2
$\begingroup$

I am trying to solve $$J''(\tau) = h (J - B) \tag{1} $$ where $h$ is a positive real constant and $B$ is a real-valued, smooth and otherwise well-behaved function for $\tau \in (0, \infty)$. I have the boundary conditions

$$J(0) = 0 \\ \lim_{\tau \to \infty} J = \lim_{\tau \to \infty} B \equiv B_{\infty} \tag{2}$$ I'm using this equation in a physical model, and I have reason to expect $B_\infty$ to be positive (nonzero).

Here's my attempt at a solution:

A solution basis for the homogeneous equation is $J_1 = e^{\sqrt{h} \tau}$ and $J_2 = e^{-\sqrt{h} \tau}$.

The Wronskian evaluates to $-2\sqrt{h}$, a constant.

Then I use variation of parameters to write the general solution as

$$J = e^{\sqrt{h} \tau}\left[\int_{\tau}^{\infty} \frac{h \,B(s)}{2\sqrt{h}} e^{-\sqrt{h} s}ds + C_1\right] +e^{-\sqrt{h} \tau}\left[\int_0^{\tau} \frac{h \,B(s)}{2\sqrt{h}} e^{\sqrt{h} s}ds + C_2\right] \tag{3}$$

I have tried my best to get the signs right above, although there's still a chance I got it wrong, so please let me know if you spot something that's not quite right. In the first integral, I put $\tau$ as the lower limit, which canceled a minus sign out front. And the minus signs in the Wronskians cancel with the minus signs in front of $h B$.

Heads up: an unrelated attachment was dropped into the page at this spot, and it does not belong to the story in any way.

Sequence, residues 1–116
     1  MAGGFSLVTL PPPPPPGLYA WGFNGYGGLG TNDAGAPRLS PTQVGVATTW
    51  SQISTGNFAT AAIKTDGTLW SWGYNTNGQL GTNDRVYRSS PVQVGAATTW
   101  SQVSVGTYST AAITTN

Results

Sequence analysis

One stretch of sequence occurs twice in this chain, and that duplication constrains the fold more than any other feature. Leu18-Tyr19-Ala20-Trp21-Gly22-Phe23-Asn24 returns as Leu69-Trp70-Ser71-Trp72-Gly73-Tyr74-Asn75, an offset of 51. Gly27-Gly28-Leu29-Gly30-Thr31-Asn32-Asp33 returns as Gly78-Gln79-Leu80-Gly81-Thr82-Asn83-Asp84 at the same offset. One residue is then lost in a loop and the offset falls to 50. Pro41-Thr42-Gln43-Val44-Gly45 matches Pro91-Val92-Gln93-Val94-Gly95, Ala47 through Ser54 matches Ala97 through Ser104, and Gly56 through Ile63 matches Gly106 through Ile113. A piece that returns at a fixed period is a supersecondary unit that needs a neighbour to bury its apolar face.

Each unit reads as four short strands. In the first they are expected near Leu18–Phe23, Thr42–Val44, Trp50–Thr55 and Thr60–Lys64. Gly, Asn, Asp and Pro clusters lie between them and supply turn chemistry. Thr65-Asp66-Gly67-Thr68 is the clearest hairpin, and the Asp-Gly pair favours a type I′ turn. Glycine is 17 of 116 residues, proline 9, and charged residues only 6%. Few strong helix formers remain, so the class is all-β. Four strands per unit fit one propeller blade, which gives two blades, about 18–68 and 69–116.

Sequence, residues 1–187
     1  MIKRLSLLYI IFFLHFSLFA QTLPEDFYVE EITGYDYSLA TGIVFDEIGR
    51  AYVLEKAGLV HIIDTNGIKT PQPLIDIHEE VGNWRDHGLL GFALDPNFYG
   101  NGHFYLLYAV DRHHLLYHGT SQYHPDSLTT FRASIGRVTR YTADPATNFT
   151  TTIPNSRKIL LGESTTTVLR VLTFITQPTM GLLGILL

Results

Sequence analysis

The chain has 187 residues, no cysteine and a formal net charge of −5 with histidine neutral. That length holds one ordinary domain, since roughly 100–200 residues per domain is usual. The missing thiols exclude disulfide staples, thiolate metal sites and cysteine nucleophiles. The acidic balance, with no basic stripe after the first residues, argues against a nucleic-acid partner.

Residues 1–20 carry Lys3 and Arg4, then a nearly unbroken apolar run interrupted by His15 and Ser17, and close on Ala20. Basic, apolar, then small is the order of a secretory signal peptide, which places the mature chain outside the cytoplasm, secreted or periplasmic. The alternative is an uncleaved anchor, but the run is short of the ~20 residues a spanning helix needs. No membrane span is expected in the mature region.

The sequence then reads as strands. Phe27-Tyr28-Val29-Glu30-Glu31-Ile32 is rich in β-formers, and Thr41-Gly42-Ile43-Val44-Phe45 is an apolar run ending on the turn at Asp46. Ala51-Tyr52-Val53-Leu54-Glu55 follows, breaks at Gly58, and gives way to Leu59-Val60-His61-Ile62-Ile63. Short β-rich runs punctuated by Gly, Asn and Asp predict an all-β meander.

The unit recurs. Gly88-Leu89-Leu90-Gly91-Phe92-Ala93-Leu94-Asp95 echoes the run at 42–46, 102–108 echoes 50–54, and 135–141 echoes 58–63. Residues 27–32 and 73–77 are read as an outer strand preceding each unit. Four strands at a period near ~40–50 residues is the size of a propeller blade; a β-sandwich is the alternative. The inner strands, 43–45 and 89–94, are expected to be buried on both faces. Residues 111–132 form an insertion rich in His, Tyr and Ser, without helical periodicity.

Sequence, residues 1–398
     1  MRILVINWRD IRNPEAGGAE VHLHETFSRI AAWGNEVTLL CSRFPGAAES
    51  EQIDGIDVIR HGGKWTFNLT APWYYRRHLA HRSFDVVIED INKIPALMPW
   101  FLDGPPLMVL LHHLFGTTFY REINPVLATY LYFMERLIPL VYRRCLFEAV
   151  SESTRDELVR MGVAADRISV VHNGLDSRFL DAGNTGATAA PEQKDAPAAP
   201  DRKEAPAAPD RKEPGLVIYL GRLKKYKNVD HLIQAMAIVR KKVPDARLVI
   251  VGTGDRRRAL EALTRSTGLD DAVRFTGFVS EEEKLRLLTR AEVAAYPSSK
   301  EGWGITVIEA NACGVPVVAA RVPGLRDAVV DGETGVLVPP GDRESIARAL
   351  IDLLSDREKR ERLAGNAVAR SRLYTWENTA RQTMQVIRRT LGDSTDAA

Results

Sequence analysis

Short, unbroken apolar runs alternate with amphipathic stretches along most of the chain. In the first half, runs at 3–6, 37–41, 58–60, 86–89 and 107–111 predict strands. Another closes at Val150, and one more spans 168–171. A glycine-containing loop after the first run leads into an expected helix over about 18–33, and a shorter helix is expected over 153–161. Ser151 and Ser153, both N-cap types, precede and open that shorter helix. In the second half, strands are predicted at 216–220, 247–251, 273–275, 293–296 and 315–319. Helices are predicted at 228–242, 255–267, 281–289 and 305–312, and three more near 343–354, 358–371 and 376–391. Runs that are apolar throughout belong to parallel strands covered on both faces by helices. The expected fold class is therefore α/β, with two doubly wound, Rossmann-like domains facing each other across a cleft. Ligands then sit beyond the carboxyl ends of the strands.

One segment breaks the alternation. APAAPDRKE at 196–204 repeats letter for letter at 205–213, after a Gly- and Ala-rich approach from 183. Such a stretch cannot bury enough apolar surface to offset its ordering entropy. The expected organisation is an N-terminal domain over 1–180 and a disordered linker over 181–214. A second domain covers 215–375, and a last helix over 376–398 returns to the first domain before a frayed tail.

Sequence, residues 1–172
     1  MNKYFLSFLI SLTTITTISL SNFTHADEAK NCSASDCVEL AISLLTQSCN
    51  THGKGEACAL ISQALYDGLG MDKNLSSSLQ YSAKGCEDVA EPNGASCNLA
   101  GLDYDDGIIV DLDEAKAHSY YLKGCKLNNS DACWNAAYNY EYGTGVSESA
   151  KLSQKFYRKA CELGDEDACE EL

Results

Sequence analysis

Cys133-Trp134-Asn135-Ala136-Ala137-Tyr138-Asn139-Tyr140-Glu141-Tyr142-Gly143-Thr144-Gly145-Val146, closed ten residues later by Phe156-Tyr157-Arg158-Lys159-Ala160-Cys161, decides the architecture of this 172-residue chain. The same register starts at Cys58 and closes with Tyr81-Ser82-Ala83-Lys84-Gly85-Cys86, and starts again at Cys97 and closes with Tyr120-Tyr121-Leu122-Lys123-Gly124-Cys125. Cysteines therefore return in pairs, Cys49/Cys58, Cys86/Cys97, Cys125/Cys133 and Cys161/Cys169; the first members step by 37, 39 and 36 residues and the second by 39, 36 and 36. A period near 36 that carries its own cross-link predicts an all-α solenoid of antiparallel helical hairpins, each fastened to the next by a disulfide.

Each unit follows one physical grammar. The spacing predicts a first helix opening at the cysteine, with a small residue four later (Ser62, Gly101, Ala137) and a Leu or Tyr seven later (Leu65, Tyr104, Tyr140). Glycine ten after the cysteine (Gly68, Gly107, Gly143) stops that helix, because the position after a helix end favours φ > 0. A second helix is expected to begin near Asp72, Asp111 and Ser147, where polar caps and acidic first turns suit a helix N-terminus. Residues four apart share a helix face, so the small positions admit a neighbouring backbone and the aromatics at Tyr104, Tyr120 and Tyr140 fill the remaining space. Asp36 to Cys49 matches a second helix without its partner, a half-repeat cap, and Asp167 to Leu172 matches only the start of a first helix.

To prevent the solution from diverging as $\tau \to \infty$, $C_1$ must be zero.

I have been able to use the $\tau = 0$ boundary condition to derive an expression for $C_2$.

But here's the problem. Consider once again the $\tau \to \infty$ boundary condition. If I plug in $C_1 = 0$ into the general solution (equation 3 above), and drop all terms that clearly vanish, I am left with

$$\lim_{\tau \to \infty} J = \lim_{\tau \to \infty} e^{-\sqrt{h} \tau} \int_0^{\tau} \frac{h \,B(s)}{2\sqrt{h}} e^{\sqrt{h} s}ds \tag{4}$$

Then, using L'Hospital's rule,

$$\lim_{\tau \to \infty} J = \frac{\frac{h \,B(\tau)}{2\sqrt{h}} e^{\sqrt{h} \tau}}{\sqrt{h} e^{\sqrt{h} \tau}} \tag{5} $$

which simplifies to

$$ \lim_{\tau \to \infty} J = \frac{1}{2} \lim_{\tau \to \infty} B \tag{6} $$

It seems that the only way that the second boundary condition (second line of equation 2) can be satisfied is if $B_{\infty} = 0$. But as I noted above, on physical grounds I expect $B_{\infty} = 0$ to be able to take arbitrary positive values. Have I done something wrong, or is it really the case that $B_{\infty}$ must equal zero in this situation?

$\endgroup$
2
$\begingroup$

I found my problem, finally. When going between equation 3 and equation 4, there are actually two terms that don't vanish, not just one, as $\tau \to \infty$ (the two integral terms). L'Hospital is needed both times to handle the indeterminate forms, and they both evaluate to $1/2 B_{\infty}$. So they sum to $B_{\infty}$ and all is consistent.

$\endgroup$

Your Answer

By clicking “Post Your Answer”, you agree to our terms of service, privacy policy and cookie policy

Not the answer you're looking for? Browse other questions tagged or ask your own question.